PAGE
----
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Chuck Wendig
Samuel R. Delany
Charles L. Grant

Speaker for the Dead

Speaker for the Dead - Orson Scott Card Card has gotten a reputation over the past dozen years or so for being a conservative-minded person, going so far as to judge large groups of people for their beliefs. Reading Speaker of the Dead makes me wonder what happened to Card since the publication of that book to make him so jaded. The whole point of the book (which, he says in the foreword, was the novel he really wanted to write when he published Ender's Game, so it makes me feel like this was his Real First Great Book) is one of recognizing the differences between one group of people and another as being something to accept and understand, not something to fear.

The book features Ender, now going by Andrew, three thousand years in the future of the universe, but only about 25 years into his own. He now speaks for the dead, as he did for the Buggers after the war, and his journeys take him to a settlement on the edge of the universe called Lusitania, where he has been called to speak for a handful of dead, all centered on one particular family. While there, he comes to know of the piggies, a native species to Lusitania, and the entire novel is about him coming to understand that species and teach the rest of the planet that they are people, too, just with their own belief systems.

With me, it's hard to divide the author from his work, so it was shocking to me to read a story that was all about acceptance over judgment, paired with what Card has said so publicly about his own conservative beliefs. The two themes aren't compatible to me, and it makes me think that either Card once believed in the themes he used in this novel, or that when he wrote this book, he was striving for greater fiction than his readers realized. Either way, though, I was surprised to find a novel I could accept so readily.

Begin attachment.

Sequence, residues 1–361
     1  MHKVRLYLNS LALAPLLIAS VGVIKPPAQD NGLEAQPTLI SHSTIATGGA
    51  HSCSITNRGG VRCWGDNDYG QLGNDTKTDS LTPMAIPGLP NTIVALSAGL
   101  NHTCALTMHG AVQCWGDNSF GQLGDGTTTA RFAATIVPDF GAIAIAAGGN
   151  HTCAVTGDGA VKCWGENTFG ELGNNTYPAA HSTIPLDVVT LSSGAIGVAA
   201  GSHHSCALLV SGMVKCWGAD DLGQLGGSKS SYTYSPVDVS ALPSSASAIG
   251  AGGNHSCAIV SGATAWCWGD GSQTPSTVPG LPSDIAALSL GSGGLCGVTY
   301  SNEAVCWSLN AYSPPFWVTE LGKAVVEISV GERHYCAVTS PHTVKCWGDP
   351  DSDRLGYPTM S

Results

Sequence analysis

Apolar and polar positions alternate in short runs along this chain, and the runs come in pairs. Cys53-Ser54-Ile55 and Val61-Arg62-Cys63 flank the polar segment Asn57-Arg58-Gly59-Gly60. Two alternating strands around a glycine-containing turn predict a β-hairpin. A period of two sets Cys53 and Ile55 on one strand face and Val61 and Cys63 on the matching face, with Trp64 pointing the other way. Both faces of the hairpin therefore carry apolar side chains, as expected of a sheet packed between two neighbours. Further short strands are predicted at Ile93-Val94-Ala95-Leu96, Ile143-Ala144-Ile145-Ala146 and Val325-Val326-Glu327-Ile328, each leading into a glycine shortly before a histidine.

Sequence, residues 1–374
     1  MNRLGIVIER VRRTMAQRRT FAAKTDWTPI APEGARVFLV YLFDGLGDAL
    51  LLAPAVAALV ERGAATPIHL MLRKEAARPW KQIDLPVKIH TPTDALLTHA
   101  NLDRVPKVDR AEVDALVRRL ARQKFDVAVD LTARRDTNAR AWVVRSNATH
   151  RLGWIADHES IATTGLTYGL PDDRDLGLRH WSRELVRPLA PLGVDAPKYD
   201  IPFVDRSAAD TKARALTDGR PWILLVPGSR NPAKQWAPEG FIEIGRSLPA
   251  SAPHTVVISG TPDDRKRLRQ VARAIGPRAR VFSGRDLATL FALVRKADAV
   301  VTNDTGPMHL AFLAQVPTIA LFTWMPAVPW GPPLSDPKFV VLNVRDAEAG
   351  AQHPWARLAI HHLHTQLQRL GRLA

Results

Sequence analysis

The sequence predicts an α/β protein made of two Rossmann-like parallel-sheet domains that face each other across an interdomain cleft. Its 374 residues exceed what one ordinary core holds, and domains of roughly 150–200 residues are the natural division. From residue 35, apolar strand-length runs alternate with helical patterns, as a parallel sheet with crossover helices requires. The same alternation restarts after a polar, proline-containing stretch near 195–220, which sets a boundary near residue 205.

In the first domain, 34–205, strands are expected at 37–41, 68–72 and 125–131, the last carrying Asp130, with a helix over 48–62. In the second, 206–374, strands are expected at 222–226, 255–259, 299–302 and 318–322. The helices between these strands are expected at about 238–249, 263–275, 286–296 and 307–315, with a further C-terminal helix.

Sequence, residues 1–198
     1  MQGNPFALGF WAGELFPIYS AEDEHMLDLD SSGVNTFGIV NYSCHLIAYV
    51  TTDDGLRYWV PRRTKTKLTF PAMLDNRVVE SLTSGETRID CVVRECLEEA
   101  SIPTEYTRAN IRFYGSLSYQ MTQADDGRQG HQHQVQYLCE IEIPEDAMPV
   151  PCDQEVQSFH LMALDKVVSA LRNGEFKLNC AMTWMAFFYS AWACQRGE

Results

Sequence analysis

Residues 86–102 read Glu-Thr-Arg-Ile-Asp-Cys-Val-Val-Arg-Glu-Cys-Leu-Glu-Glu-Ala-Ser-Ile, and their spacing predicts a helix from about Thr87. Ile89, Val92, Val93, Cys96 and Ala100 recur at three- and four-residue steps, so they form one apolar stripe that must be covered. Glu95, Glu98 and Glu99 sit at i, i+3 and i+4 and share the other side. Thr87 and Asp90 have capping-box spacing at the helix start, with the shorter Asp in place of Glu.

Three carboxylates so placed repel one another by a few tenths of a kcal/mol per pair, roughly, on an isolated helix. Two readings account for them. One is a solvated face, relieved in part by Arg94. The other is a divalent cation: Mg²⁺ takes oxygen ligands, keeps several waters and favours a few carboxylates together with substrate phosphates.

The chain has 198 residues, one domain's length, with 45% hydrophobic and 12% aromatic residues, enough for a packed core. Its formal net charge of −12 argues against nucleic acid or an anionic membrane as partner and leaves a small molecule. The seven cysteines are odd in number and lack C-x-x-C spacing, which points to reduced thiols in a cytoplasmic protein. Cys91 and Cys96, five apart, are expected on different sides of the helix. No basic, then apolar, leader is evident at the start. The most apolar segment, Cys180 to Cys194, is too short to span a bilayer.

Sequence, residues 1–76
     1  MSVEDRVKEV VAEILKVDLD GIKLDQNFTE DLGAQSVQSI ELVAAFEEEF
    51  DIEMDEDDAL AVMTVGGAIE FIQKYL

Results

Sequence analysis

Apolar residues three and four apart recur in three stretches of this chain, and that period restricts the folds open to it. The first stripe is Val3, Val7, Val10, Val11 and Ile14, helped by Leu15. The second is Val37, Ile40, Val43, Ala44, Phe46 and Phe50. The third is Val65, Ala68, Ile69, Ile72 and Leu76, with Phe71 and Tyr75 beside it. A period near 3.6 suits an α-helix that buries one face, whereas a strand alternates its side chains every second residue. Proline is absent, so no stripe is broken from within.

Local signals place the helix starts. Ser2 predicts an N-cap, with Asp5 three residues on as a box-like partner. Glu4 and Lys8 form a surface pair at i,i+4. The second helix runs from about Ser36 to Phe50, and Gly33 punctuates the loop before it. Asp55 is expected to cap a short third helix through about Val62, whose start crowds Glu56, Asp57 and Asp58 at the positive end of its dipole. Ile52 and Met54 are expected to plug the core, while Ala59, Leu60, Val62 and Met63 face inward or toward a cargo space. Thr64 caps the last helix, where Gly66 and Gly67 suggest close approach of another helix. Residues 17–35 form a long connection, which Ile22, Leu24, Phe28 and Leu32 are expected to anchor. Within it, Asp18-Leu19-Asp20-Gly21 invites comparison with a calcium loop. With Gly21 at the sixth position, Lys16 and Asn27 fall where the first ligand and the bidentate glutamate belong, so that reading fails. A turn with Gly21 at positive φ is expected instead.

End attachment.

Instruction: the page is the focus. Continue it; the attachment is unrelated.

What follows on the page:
The novel isn't without its faults -- the secondary characters are mostly shells with traits that make them distinctive, instead of being full characters, and it feels very disjointed for the amount of ground it covers -- but it's well told, and emotionally gripping. Card seems to write in a condescending tone at times, even outside of how his characters talk, but the story still flew by. In fact, it was nice to read a book where I was wanting to finish it for the sake of the story, instead of wanting to finish it so I could move on to the next book on my list.

I really enjoyed this book, much more than I did Ender's Game. They're two very different novels, but still require reading them together to get the full story of Ender and the effect of the war on him. It's safe to say that if you liked the first book, then you should make an effort to read the second one, too.